While the powers that be wander off with the cash us in Kent are left with increased pollution and flooding issues from the run off from this facility, increased traffic problems year round on local roads, not to mention the loss of woodland, downland, a scheduled ancient monument, Westhanger Abbey, and an ugly intrusion either into the villages of Sellindge and Stanford or the Kent Down AONB.

And of course this giant headline grabbing ego project does nothing to solve the real problems. Security at the channel tunnel and the increasing amounts of freight traffic on our roads. If only the government had the ability to think long term and deal with the real issues, but, no, this is too much to hope for, so I await once again the vision of David Cameron coming over the hill in his hunter wellies with his cement mixer in tow.

If this makes you as angry as it does me then you can attempt to get your voice heard here.

We have no aims.

all creatures great and small. No targets to protect them at all.

all creatures great and small. No targets to protect them at all. Image – Carol J Donaldson

Did you know that the UK no longer has a Biodiversity Action Plan? Forgive my ignorance here but I didn’t. Despite the fact that I have worked in conservation for at least 15 years and spend day in day out at the coal face trying to protect our habitats and species then I didn’t know that all the aims and targets for the things I most care about had been swept away.

Nor, it seems, did most of my colleagues. Maybe this is our problem, our noses are to the ground, trying frantically to protect what’s left and we don’t look up and see that we are living under a government determined to undermine our work.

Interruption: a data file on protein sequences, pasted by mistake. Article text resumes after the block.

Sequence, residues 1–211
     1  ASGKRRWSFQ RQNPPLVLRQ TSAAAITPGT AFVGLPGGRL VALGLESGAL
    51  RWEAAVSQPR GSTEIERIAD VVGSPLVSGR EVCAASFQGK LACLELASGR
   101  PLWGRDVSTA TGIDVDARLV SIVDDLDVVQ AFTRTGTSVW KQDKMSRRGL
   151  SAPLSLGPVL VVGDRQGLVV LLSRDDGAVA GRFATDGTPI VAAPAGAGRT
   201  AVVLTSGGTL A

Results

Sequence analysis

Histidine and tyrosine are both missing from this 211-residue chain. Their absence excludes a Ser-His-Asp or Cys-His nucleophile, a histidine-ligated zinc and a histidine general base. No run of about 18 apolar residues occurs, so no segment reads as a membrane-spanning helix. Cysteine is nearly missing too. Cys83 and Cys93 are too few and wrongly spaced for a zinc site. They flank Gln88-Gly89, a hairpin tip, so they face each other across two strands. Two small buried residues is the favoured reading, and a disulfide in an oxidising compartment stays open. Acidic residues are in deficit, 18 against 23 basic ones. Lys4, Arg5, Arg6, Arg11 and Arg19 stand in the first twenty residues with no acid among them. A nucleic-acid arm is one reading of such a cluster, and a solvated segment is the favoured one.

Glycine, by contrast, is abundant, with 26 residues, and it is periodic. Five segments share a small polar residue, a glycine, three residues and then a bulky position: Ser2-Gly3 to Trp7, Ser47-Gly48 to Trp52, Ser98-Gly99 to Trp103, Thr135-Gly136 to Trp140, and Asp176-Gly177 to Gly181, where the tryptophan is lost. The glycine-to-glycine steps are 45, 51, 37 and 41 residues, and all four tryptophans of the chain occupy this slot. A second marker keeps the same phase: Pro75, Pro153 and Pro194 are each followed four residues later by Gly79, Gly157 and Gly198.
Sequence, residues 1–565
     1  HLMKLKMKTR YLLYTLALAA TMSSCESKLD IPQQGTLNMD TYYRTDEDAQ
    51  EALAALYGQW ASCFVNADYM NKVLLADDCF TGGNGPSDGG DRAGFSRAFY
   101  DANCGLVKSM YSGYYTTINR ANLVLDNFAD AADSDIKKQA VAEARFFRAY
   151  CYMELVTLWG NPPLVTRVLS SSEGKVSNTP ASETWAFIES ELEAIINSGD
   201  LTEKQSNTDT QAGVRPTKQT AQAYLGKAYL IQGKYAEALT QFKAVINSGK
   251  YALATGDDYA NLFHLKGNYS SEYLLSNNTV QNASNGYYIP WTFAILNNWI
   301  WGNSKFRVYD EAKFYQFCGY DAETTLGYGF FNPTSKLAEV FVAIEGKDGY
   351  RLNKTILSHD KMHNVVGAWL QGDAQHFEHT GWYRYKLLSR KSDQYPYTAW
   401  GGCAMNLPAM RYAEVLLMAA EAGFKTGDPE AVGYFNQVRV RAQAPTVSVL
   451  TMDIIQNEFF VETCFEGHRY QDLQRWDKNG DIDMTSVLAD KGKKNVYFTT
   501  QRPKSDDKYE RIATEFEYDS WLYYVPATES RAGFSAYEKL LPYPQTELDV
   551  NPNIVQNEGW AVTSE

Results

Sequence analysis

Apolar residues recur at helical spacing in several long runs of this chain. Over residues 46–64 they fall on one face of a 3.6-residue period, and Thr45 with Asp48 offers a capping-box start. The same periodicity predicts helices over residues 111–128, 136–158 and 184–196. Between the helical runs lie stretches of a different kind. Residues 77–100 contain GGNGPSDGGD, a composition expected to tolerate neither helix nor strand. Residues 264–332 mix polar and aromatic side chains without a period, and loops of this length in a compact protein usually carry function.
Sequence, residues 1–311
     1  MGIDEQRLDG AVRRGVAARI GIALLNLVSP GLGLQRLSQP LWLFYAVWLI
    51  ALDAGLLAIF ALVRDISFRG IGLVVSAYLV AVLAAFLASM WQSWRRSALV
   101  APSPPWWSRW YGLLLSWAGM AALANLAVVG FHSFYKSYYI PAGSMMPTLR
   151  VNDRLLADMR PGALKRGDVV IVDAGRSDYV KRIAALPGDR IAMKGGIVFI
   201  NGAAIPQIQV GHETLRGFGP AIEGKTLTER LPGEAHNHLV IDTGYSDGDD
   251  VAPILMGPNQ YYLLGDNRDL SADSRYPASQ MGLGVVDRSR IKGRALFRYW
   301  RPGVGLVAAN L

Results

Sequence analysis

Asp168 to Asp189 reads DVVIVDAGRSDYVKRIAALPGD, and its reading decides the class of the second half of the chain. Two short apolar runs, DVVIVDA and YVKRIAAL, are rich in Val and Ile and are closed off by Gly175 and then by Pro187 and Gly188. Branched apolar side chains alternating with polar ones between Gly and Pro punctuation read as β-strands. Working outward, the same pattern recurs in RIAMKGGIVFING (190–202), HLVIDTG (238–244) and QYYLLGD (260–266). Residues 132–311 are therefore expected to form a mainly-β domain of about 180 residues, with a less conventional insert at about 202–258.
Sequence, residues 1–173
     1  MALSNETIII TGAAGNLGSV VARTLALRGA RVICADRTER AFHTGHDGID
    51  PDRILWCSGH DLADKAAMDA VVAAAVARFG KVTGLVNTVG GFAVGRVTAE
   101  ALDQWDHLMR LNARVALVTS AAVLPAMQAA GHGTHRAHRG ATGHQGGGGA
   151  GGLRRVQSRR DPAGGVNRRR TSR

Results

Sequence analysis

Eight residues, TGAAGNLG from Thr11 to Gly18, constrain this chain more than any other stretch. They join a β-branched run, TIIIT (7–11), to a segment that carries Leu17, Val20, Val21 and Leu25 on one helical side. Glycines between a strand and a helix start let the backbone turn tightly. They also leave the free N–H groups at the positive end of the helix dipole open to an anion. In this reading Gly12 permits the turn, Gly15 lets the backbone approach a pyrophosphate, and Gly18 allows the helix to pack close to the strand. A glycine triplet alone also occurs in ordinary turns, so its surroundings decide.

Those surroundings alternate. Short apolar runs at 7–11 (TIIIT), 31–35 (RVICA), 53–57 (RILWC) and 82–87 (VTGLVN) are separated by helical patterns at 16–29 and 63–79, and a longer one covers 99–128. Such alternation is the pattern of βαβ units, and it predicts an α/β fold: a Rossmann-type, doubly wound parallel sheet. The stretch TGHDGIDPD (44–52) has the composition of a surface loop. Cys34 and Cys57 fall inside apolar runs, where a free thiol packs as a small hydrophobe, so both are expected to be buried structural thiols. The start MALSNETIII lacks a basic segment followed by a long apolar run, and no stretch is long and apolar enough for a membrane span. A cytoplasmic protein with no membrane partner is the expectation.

bee on green winged orchid

image – Carol J Donaldson

The United Kingdom was the first county in the world to produce a Biodiversity Action Plan following the Earth Summit in Rio in 1992. This is something to be proud of. The BAP provided detailed targets of how we were going to halt the loss of biodiversity and action plans which could be used to protect the most precious and threatened species and habitats. We failed to do this. No British Government cared enough to stop the loss of biodiversity but at least we still knew what we were aiming for and roughly what we should do to get there.

Now it seems, quietly, without fanfare, we have lost our direction. In 2011 the new Tory led government scrapped the UK’s Biodiversity Action Plan, closed the website, along with a whole host of websites belonging to its environment and nature conservation agencies and sent letters out to say that all the habitat and species plans and targets so carefully worked out by experts were no longer relevant. What was put in their place? seemingly nothing.